Lebesgue Integral that does not go to zero even when domain of integration is arbitrarily small

Suppose $\{f_n\}$ are Lebesgue measurable functions on $[0,1]$, such that $\int_0^1 |f_n|\,d\mu=1$ for all $n$, and $f_n\to 0$ almost everywhere.

How would we show that given $\epsilon>0$, there exists a Lebesgue meausurable $E\subseteq [0,1]$ such that $\mu(E)<\epsilon$ and $$\lim_{n\to\infty}\int_E |f_n|\,d\mu=1$$?

Intuitively, this is puzzling to me, as from absolute continuity of Lebesgue Integral $\int_E |f_n|\,d\mu$ should be arbitrarily small when $\mu(E)$ becomes small, but in this case, the integral actually attains its full value.

I tried using contradiction: Suppose to the contrary there exists $\epsilon>0$ such that for all $E\subseteq [0,1]$, either $\mu(E)\geq \epsilon$ or $\lim_{n\to\infty}\int_E |f_n|\,d\mu\neq 1$. But I am stuck here.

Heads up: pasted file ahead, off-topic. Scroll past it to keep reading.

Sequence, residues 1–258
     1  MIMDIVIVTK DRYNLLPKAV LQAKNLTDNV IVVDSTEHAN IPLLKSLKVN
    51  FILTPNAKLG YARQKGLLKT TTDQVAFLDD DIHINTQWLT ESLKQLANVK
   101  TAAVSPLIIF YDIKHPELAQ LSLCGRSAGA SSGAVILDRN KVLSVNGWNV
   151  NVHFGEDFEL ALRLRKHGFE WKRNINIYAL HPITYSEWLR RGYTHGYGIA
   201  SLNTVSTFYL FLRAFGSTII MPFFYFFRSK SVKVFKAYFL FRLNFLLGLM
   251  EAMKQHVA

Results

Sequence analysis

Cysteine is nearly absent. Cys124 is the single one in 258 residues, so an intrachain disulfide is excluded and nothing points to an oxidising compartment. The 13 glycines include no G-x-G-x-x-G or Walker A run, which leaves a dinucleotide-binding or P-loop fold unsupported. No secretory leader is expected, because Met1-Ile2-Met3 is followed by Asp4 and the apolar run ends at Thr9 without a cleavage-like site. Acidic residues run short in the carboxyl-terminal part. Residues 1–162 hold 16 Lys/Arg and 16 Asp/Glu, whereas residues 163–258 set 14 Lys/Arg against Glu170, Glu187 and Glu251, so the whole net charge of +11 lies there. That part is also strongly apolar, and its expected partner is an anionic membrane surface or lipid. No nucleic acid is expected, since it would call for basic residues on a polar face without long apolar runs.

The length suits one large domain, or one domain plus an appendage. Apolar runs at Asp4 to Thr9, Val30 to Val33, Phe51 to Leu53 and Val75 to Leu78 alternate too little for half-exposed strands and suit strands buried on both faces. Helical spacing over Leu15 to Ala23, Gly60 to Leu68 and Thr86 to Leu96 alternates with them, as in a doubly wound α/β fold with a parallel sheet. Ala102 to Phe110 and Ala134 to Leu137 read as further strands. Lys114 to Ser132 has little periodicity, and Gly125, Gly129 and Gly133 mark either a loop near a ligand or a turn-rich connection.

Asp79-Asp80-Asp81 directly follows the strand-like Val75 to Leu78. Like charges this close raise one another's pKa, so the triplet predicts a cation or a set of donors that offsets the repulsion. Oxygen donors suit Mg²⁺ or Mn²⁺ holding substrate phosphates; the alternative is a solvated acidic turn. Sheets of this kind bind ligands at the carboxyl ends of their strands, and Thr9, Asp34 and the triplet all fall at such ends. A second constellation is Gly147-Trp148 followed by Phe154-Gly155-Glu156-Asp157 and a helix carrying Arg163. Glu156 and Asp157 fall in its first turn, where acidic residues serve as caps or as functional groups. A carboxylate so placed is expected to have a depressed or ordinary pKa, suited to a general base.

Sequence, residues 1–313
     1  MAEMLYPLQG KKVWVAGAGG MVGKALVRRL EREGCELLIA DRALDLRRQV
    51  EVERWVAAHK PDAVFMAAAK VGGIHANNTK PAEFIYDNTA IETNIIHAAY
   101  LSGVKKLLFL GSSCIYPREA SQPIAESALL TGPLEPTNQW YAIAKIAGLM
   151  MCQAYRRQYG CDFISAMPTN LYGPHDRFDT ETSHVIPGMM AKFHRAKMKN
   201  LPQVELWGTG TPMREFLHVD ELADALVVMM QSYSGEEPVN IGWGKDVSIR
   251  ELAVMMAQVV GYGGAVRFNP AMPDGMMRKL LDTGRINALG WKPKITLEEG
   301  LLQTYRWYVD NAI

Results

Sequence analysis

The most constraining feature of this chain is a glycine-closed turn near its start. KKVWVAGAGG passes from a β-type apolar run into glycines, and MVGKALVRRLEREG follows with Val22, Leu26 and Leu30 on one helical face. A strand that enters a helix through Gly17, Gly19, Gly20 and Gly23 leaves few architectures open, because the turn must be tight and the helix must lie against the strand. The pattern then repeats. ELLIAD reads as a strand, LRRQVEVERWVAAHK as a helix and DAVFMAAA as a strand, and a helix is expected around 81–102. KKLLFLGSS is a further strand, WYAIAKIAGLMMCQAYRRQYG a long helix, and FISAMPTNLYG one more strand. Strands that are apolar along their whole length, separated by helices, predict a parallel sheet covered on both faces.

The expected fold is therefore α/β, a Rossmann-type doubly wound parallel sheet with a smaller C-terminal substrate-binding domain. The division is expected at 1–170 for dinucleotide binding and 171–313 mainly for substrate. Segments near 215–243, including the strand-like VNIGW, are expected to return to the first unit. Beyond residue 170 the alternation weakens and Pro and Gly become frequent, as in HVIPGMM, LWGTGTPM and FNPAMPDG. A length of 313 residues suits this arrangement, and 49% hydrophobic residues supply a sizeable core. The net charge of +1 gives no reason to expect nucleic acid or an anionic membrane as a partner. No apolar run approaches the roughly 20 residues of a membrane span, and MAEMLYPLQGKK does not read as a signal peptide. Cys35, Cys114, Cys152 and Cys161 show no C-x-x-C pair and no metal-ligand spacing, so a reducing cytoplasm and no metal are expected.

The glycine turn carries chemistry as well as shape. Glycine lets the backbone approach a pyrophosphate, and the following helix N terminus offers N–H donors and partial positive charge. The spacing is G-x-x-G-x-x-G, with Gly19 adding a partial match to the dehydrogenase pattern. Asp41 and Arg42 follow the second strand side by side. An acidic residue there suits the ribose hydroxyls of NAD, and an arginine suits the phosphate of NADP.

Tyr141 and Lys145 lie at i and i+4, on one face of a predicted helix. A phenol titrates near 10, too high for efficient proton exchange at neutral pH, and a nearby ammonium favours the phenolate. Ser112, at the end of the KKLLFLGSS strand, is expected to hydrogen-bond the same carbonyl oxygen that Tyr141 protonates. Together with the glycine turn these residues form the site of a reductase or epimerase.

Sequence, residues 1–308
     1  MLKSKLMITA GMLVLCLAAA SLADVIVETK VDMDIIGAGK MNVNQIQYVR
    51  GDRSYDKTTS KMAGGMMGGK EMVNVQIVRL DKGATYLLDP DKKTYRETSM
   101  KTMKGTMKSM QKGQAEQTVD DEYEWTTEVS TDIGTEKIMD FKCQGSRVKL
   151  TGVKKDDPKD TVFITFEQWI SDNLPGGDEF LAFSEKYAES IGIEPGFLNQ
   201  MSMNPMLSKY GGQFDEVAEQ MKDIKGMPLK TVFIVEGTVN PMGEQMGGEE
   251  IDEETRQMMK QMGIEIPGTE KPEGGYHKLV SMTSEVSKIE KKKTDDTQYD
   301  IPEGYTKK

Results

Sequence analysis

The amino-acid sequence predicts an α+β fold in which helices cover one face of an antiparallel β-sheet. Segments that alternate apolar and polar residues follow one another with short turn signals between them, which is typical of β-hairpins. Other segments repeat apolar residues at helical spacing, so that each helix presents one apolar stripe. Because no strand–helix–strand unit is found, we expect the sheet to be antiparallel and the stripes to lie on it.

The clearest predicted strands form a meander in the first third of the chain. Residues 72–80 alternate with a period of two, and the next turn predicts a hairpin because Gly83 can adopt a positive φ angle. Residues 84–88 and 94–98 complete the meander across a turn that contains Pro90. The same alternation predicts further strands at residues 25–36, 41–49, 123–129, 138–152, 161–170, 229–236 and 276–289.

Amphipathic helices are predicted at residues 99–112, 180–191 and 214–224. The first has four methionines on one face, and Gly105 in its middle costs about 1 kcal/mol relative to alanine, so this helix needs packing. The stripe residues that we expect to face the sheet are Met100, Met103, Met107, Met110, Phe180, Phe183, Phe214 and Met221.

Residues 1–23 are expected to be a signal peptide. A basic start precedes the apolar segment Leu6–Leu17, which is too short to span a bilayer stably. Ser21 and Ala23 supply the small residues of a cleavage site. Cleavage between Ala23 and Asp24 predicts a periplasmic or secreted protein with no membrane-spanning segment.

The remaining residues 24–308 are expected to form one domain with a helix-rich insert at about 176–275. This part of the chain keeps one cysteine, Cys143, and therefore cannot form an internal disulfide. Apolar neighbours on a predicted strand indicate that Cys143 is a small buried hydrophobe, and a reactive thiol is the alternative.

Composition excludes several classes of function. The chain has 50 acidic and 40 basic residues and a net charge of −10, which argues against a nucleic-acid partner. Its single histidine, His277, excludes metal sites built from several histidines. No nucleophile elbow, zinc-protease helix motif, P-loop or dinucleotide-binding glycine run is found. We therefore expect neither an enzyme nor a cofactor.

Fatou's lemma gives $\int_0^1 |f|\,d\mu\leq\liminf\int_0^1 |f_n|\,d\mu=1$ which doesn't look too useful.

I can see that one example of $f_n$ is $f_n=n\chi_{[0,1/n]}$, where basically what happens is $f_n$ concentrates all its value in a very narrow domain.

Thanks for any help! Really stuck here.

• You are dealing with a sequence of $f_n$ that converges to a $\delta$ function which is not absolutely continuous. Commented Oct 27, 2016 at 7:20
• Thanks. Another line of thought I am working on now is using convergence in measure. Commented Oct 27, 2016 at 7:25

• @yoyostein You're welcome. If you don't want to use Egorov, you can consider the negligible set $E$ outside of which the pointwise convergence occurs, take a set $\tilde E\supset E$ of measure $\epsilon$ and apply Fatou on $\tilde E^c$.